Saturday, January 27, 2007

Whatever works

I got an e mail from a writer I knew back when we were both starting out. These days he writes as much non-fiction as fiction. he tells me that non-fic is in about the same shape as fic these days. Grim. At least in the slots he works.

I asked him if he still believed it was detrimental to his work process to read fiction. He replied that other than short stories and novelettes (he started out in science fiction) he hasn't read much fiction in the twenty-five years since we've communicated.

I'm a firm believer in the whatever works process. If you can only do your best work sitting inside a refrigerator wearing a snowsuit, go to it. There's no right or wrong when you're talking about stirring your muse.

But as I said to him then and said to him again, it's difficult to imagine a day passing when I don't read for at least two or three hour. That's my process. Now I don't always read a lot of genre. Right now for instance I'm going through a small stack of Larry McMurtry novels set in the Hwood of the eighties. Fine stuff. The writing's so good I get energy from it. It's so good it makes me want to be better with my own work.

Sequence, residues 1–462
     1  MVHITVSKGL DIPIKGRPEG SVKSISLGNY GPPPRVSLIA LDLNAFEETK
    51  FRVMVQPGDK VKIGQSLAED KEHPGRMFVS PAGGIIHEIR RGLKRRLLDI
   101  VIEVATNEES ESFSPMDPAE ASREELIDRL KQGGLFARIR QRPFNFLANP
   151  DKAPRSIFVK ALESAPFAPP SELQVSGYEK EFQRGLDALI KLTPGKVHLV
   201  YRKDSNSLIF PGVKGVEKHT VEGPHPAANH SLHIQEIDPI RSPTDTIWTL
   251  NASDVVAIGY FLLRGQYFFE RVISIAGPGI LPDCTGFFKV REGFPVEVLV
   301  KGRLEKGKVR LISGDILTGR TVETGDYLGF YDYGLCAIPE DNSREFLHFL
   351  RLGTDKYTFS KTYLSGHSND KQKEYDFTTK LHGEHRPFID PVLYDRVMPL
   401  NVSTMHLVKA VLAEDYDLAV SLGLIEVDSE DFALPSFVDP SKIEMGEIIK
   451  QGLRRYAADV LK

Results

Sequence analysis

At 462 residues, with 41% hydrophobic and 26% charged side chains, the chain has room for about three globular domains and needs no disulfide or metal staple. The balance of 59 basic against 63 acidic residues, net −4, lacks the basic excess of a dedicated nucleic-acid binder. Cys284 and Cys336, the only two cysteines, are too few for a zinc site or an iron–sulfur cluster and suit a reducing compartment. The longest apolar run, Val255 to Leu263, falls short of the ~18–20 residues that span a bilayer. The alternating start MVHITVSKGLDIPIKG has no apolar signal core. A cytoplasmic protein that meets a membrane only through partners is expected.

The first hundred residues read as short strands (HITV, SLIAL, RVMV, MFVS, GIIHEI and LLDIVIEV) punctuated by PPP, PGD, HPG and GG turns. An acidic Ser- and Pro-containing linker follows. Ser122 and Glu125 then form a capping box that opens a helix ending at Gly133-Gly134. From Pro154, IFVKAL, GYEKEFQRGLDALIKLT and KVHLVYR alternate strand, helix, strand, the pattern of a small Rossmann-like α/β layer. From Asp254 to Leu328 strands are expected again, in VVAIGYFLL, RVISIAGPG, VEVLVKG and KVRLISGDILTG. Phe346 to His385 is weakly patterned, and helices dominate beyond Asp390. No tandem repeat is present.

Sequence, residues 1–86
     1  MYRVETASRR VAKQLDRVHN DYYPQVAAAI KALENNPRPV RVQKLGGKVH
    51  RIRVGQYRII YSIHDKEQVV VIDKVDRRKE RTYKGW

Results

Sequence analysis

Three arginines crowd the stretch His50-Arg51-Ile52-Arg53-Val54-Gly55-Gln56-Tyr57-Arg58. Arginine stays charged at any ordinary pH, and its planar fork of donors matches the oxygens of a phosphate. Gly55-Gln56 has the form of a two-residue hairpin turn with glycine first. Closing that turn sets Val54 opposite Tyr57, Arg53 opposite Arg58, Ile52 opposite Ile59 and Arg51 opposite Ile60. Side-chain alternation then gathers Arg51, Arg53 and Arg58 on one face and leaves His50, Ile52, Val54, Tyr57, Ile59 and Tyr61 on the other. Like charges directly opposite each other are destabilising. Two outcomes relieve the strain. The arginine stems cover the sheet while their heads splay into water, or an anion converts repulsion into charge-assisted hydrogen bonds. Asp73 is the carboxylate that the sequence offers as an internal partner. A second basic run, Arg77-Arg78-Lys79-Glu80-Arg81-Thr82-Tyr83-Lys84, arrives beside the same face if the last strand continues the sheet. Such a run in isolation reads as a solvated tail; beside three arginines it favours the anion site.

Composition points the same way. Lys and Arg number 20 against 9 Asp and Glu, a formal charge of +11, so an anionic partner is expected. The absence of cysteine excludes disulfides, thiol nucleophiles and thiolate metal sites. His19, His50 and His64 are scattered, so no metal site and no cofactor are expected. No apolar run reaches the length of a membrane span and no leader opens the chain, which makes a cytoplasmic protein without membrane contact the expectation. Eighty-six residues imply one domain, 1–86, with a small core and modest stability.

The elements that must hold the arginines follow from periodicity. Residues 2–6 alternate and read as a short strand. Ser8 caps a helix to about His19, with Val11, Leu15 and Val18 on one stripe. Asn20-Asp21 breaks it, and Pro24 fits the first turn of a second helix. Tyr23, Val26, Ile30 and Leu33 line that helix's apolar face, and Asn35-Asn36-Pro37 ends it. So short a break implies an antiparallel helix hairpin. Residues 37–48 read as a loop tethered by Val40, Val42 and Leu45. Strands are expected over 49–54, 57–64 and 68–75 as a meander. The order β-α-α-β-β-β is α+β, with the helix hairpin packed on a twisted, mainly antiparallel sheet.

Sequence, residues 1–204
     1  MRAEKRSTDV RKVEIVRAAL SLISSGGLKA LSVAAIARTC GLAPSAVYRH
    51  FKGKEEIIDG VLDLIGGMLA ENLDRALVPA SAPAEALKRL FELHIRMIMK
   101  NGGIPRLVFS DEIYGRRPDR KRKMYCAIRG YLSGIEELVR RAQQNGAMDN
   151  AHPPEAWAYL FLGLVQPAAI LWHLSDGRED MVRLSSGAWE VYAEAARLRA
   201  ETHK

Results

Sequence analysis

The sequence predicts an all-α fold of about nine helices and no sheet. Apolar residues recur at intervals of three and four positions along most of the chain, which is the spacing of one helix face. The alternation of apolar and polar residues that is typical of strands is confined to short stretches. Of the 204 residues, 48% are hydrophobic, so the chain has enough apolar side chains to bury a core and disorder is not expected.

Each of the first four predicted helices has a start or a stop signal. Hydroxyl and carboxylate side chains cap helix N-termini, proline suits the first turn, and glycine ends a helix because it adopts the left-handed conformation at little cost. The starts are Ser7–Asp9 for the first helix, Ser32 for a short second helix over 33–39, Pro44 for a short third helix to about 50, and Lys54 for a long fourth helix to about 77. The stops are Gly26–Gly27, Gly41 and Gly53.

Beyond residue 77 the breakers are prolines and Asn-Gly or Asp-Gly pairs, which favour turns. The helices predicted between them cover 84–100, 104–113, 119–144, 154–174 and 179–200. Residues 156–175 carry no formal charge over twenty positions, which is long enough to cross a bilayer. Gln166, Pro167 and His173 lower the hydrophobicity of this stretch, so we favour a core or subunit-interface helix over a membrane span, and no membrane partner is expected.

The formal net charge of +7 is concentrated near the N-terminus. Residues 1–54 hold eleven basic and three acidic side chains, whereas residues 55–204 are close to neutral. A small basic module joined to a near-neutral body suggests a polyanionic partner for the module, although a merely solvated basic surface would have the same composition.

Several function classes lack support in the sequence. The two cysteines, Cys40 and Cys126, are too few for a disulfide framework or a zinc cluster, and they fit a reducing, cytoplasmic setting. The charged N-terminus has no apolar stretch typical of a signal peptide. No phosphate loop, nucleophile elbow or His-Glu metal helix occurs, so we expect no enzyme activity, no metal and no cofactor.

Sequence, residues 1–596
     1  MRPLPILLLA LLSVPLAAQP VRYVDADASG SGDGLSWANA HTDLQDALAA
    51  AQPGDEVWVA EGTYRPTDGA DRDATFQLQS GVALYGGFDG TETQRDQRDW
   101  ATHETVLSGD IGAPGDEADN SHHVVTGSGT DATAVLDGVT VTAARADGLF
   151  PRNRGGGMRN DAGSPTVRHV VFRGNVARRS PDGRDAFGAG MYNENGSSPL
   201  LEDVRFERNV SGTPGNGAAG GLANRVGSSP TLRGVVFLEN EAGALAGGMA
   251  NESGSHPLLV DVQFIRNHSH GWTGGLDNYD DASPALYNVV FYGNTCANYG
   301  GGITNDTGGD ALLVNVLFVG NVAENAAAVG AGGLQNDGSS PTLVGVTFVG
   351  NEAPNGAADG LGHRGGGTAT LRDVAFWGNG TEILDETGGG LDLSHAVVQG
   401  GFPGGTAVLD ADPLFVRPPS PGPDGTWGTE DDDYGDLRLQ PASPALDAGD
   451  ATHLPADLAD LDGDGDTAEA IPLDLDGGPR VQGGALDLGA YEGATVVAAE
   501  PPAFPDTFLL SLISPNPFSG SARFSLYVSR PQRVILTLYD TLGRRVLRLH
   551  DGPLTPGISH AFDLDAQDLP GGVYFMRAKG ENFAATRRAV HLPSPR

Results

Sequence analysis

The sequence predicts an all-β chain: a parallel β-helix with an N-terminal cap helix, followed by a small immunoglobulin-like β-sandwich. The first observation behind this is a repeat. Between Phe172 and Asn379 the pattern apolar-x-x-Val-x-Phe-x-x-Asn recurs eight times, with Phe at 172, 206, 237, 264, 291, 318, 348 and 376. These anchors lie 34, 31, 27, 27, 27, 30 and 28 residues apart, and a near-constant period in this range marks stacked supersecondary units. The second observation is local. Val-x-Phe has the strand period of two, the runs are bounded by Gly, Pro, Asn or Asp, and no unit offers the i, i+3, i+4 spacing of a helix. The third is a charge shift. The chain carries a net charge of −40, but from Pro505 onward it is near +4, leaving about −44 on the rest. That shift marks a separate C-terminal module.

Whatever works. Do any of you feel that reading fiction inhibits your own writing?

4 comments:

Anonymous said...

I don't read or watch any type of television of movies in the genre I'm currently writing in, but I'm always reading something. I started doing that years ago, when I decided that it was possible that I might unconsciously grab a phrase or tone that I liked and that fit, but didn't belong to me. Seems to have worked so far. I think.

Cheers,
Russell

Bill Crider said...

I can't imagine not reading fiction. I'm not sure I could survive.

John Hocking said...

I know a number of younger authors who believe that reading someone else's fiction while working on your own leads to an involuntary absorption and reflection of that author's style.
Perhaps it's true for them, but this seems oversensitive to me.

If it held true for me than I would have absorbed the style of some of the finest writers of all time and, alas, it's all too obvious that this is not the case.

Reading good prose is energizing. It reminds me of the end I want to reach, and not necessarily the way I want to get there.

Sandra Scoppettone said...

Not reading fiction would be tantamount to putting me in jail. In solitary. If I happen to pick up something and incorporate it into something I'm writing, sue me. It's worth the risk to be able to read fiction anytime, all the time.